Professor Gregory Larkin (Jeff Bridges) has had enough of romance. After several failed relationships based on love and sex, he decides that companionship should be the basis for marriage. Enter Professor Rose Morgan (Barbra Streisand). She finds Gregory quite attractive and has no trouble entering into caring relationship with him, although fully aware of his strange take on couplehood. Gregory, who chose Rose specifically because he’s not attracted to her, enjoys their time together immensely and eventually pops the Big Question. Rose accepts and wedded, though celibate, bliss ensues.
Although Gregory feels that he has entered into the perfect arrangement, Rose grows more and more disenchanted with it. She thought that Gregory would eventually come around and that they would someday enjoy a physical relationship as man and wife. When she sees that this is not to be, she’s got a decision on her hands; a decision made none easier by her jealous widowed mother (Lauren Bacall) . Will she ever find happiness with Gregory? Might she still have a chance with her sister’s (Mimi Rogers) handsome husband (Pierce Brosnan) whom Rose had her eye on from the beginning?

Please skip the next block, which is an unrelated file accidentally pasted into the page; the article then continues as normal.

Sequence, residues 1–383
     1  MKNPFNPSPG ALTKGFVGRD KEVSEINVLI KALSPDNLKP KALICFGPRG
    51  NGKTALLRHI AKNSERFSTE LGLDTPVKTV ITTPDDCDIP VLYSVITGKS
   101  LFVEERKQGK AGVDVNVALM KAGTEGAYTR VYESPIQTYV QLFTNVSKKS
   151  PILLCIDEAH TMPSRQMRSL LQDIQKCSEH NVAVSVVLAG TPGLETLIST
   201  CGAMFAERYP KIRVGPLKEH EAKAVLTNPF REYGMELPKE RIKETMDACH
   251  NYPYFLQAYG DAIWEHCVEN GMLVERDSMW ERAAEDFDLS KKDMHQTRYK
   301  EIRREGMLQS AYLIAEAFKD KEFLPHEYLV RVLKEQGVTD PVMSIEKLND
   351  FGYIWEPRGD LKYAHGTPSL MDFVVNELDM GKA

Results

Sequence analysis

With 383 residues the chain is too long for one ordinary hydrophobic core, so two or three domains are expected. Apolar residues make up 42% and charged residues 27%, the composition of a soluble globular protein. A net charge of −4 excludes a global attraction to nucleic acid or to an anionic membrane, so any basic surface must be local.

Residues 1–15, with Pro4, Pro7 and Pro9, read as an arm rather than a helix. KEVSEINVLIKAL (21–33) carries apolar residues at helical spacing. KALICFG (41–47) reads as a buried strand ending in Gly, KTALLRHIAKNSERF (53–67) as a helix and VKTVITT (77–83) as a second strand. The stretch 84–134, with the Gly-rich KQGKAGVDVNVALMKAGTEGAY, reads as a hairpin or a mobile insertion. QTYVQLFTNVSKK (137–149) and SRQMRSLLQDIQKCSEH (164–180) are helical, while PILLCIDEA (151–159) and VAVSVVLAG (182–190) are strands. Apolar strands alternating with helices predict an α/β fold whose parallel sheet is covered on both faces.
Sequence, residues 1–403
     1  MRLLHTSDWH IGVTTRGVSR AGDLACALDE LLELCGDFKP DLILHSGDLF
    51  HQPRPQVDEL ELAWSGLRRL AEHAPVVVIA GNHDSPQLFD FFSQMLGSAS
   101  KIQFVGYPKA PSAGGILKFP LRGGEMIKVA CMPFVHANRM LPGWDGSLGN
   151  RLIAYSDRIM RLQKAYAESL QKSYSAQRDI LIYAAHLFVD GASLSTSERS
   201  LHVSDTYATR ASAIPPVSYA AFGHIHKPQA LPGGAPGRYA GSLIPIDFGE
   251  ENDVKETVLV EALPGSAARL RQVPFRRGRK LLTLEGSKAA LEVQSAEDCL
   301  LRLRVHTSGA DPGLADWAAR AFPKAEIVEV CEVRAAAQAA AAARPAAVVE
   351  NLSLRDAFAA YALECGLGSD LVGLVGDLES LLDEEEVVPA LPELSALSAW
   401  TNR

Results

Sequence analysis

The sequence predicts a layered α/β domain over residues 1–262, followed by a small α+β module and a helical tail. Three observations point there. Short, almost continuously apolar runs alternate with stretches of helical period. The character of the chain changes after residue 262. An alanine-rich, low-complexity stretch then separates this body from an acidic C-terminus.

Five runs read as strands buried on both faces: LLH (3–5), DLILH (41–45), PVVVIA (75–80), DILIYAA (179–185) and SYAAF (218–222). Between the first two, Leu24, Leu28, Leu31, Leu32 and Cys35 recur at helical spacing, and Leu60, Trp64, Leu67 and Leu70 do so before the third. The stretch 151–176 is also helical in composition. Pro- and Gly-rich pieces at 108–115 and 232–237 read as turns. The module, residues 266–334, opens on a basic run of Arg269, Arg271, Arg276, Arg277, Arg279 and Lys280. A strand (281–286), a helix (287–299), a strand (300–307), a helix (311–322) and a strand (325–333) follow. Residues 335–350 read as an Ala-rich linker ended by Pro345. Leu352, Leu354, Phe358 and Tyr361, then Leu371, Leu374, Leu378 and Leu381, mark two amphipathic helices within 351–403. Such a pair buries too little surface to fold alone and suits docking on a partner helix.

"The Mirror Has Two Faces" is a satisfying romantic comedy which could have been even better if it had not "gone Hollywood" during its last half hour. Streisand is at the top of her form as both an actor and a director but Bridges, although good, plays his character with a little too much naiveté to be completely believable. Nevertheless, anyone who has ever been in love can identify with these people.